Faith Willinger

I recently wrote that I was going to New York and Boston with Dario Cecchini and Giovanni Manetti, two and a half Tuscans (I'm the half, Tosco-Americana) with an agenda—butchering lessons, whole-cow dinners paired with Fontodi wines. We stayed at New York's Michelangelo Hotel, owned by Tuscan Elisabetta Fabri, a friend of Giovanni's, a client of Dario's. We all met in the lobby. Dario's suitcase, with knives, was lost. His wife, Kim, attempted to track it down. Giovanni had a reservation at my favorite restaurant in New York, The Four Seasons—we were joined by Lisa Niccolini (Tuscan owner Julian's wife) and Kim. Julian was his naughty self, as usual, and after a series of appetizers and lots of wine, he served Dario an entire veal shank.

We met Gaetano Arnone (Dario's ex-apprentice, now working at Eataly in New York) and David Levi (future apprentice) in the kitchen of Del Posto, where we would cook for the event on Monday evening, and headed across the street to the Chelsea market, looking for ingredients that we might be missing. Butcher Adam Tiberio of Dickson's Farmstand Meats had a tattoo, "MACELLAIO" on his arm. He was thrilled to see Dario, clearly an inspiration, since there was a Panzanese steak (Dario invented the cut) in his meat case.

Then back to Del Posto's kitchen, where Dario, assisted by Gaetano and David, sectioned half of the hugest cow—almost 1,600 pounds, dividing by musculature, carving away bones, each piece destined for a special recipe. It took all day. Chefs filed through the kitchen to take pictures and be photographed with Dario and the meat. I had dinner with a friend at The Breslin (loved the suet crust on the beef pie). Kim, Dario, and the boys went to Brooklyn, to Mile End, since Dario was lusting for pastrami.

The next morning we worked the cuts, pounding slabs of beef with a hand-tenderizer to make Dario's Chianti sushi, kneading ground beef and pork into Cosimino jumbo meat balls, chopping vegetables and herbs, braising meat.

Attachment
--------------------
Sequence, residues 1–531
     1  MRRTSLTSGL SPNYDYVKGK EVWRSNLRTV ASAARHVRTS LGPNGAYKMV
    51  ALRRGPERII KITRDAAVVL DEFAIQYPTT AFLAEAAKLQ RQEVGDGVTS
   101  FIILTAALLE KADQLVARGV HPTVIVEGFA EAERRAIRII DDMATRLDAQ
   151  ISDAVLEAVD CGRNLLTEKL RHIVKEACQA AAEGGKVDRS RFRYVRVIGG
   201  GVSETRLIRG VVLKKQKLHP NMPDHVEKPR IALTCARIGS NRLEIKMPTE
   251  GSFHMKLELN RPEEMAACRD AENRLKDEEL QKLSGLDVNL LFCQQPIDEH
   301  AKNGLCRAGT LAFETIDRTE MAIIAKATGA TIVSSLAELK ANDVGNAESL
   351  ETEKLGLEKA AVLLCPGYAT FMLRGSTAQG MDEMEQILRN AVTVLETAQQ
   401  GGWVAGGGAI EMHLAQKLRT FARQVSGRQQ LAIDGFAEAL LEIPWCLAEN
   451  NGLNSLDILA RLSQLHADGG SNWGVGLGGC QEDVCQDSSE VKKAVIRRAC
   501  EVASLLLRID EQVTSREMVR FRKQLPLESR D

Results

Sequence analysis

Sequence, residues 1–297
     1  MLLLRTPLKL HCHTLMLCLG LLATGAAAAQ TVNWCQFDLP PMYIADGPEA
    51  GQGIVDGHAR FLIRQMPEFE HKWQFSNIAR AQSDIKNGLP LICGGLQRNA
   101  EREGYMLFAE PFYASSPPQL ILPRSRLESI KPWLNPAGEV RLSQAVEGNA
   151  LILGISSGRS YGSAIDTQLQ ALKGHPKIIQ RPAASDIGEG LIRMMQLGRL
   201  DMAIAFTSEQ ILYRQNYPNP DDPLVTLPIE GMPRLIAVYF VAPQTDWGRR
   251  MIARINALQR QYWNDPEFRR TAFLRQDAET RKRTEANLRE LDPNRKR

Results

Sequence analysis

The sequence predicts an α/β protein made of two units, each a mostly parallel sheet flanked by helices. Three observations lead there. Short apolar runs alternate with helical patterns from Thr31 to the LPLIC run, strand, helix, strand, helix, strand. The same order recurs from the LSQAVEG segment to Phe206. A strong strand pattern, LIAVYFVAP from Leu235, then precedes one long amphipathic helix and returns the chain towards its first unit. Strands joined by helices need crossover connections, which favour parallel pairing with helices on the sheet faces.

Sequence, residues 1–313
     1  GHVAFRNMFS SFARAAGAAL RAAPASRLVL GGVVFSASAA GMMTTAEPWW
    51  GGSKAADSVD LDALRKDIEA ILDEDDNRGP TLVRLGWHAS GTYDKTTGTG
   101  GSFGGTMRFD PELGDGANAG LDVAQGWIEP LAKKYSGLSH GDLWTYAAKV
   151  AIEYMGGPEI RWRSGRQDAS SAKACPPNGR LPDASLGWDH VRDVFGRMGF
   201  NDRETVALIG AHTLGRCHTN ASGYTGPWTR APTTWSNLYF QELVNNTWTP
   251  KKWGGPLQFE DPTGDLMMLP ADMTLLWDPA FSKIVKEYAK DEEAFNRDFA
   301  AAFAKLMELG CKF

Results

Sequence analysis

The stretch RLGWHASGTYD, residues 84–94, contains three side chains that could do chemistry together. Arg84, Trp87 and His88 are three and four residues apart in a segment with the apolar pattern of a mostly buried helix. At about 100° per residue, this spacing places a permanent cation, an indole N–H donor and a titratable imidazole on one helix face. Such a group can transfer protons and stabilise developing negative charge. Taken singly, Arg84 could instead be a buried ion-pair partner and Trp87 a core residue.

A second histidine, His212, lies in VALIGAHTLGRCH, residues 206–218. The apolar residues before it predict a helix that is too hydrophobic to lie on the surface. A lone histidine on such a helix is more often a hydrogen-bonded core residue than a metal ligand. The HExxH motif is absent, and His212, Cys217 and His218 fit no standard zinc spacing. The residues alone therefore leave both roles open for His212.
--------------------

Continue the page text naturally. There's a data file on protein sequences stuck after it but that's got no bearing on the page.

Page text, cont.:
We met Giovanni Manetti for a quick lunch at da Silvano (Tuscan, from Florence) but spent the rest of the afternoon in the kitchen.

We headed uptown to David's parents' home (his father is a New Yorker of Venetian-Milanese origin, with a home in Tuscany) to meet friends and sample some of the dishes we'd prepared so far. The amazing photographer Wowe bonded with Dario and took lots of pictures. Jim Lahey and Sara Jenkins were among the Tuscanophile guests.

The final morning in the kitchen we were assisted by Mario, tenderizing sushi, making more Cosimo jumbo meatballs, finishing long braises that needed to rest. We were on schedule and had time for a quick lunch with Giovanni, Mario, and Joe at Del Posto. We had Mario's favorite dish as a kid, spaghetti with invisible sauce—garlic, chili pepper, extra virgin olive oil.

David and Gaetano transported the meat, a hindquarter, to the Italian Culinary Academy for Dario's lesson on Panzano-style butchering. The auditorium and aisles were packed with students, butchers, and fans. Dario began with a little history of his family's traditions, handed down from father to son for 250 years. I translated. He spoke of the animals he worked with, which should lead good lives, eat healthy food, and have a merciful death. He talked about respect for the entire animal, utilizing each piece to its maximum, wasting nothing. And he said that his guiding principal was that one only possesses what one can give. Dario explained as he worked, boning the shank, which would be stuffed with the marrow from its bone, tied, braised with shallots and extra virgin, a Christmas specialty of his shop. He prepared a cut for a simple roast, carved his special steak, the Panzanese, while Gaetano and David tenderized meat for sushi.